In the beginning I remember Saturday training sessions on the rec, sprawling green fields and the rolling hill we climbed like a mountain. I remember Golas moulded around size-four feet and metal studs screwed into Umbro soles. Mesh bibs and Mitre footballs. Part-time coaches and passing drills.
More than two decades have passed. But I still remember how things were back then. How we gathered on crisp Saturday mornings, seven-year-olds cut loose on Lewisham playing greens. We were young kids pulled into a sport handed down through the local family network, a Lewisham tradition slowly becoming our own, the crossfade of football and Saturday mornings shifting into ritual. Every generation just following the last. I still remember those weekends, still see the grass, the pitches where we were baptised. I still remember Hilly Fields. I still remember south London.
Hillyfielders FC was my childhood football club. Hilly Fields was where I played my first game. Thirty acres of open grass, thick tree lining and tennis courts, a sprawling grass junction in the blue borough, with Brockley and Ladywell and Lewisham Central quietly lapping at its sea-green shores. It is wide parkland carved into residential sprawl, besieged by rows of Victorian and terraced housing. It is the jewel of a concrete town, raised 175 feet above sea level. From our Everest you can stare down towards the skyscrapers of the city skyline and see steel mountains rising from the earth, glistening along a glass-panelled shorefront.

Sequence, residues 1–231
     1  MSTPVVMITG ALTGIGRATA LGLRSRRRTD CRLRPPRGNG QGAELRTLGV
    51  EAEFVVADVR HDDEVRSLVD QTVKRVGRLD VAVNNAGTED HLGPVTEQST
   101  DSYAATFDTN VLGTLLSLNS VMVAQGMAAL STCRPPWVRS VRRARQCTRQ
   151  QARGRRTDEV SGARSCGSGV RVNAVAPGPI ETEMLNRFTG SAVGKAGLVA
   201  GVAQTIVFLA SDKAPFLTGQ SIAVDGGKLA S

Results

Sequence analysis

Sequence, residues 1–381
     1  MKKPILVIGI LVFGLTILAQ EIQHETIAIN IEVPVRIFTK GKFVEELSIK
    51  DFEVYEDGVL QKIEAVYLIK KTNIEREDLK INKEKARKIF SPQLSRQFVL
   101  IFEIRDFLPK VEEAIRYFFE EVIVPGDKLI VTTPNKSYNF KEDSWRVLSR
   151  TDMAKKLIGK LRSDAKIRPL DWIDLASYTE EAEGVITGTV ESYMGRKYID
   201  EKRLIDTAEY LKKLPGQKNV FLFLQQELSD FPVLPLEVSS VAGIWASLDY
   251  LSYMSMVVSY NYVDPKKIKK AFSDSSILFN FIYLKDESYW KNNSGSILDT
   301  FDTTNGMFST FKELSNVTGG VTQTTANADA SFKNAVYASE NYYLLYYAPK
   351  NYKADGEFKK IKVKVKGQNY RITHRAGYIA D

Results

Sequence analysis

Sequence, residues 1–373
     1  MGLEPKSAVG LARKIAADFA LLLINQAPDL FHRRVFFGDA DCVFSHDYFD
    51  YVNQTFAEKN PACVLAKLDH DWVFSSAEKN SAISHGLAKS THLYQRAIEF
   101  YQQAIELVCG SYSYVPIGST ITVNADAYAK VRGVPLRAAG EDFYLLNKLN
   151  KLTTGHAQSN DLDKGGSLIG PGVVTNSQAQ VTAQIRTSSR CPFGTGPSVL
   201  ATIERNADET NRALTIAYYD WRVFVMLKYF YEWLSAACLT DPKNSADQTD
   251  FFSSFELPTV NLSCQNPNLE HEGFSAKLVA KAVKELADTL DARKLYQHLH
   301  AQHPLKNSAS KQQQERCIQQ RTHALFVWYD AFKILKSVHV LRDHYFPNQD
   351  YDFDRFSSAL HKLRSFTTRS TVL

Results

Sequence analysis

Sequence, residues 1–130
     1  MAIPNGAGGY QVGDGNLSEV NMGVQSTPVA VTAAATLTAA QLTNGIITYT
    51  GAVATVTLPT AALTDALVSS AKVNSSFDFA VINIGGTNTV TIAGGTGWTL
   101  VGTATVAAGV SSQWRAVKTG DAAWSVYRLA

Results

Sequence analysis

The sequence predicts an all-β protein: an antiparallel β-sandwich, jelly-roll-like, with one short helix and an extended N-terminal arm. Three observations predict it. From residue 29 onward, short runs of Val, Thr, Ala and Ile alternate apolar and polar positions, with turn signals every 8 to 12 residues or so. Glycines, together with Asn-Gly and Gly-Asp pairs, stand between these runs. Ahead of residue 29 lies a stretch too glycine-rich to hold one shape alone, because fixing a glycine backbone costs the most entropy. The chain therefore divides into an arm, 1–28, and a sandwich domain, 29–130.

Sometime in the late 1990s, Ron Bell, a local coach and the uncle of a boy from our estate, began running training sessions, gathering flocks of south London infants in the park. Young boys dragged into the ritual by fathers who dreamed of one day seeing the family name printed on Premier League jerseys. We found our feet on that turf, swung skinny legs at size 3 footballs, scampered across the short grass, broke in our new arena.
But we were not the first. There were other Black boys in other decades who came before us, kids who stumbled to their feet on the same turf. A Hilly Fields FC played these grounds through the 60s and 70s, with a few solitary Black faces speckled among the traditional team photos on club archive websites. A boy named Don Fields and another named Delroy Richards, a Vic Banton and an Albert St Clair: Black kids with tight afros, south London footballers frozen in time. Ian Wright played these fields in the late 60s too, before Palace, before Arsenal and England, before he became Arsenal’s top goal scorer, pulling his shirt over his face at Highbury and revealing “179 Just Done It” underneath. “I never lost a game playing in Hilly Fields,” he once said. “Never lost a game.”
Footballers are symbols, an illustration of changing social and economic dynamics, of immigration and new communities that have taken root. I was born in 1992, during a time when Lewisham and south London had been imposing their will on British football. The early 90s, a time when Arsenal’s David Rocastle had come out of the Honor Oak estate in Brockley, and Wright had come with him. The Wallace brothers: Danny, Rod and Ray out of Deptford in the north of the borough, who went on to play for Southampton together, Rod winning the old first division with Leeds in the year before it became the Premier League. Chris Powell, Kevin Campbell, Michael Thomas, Paul Davis. Their collective presence was an indicator of how things were in south London, how things are, how they will be.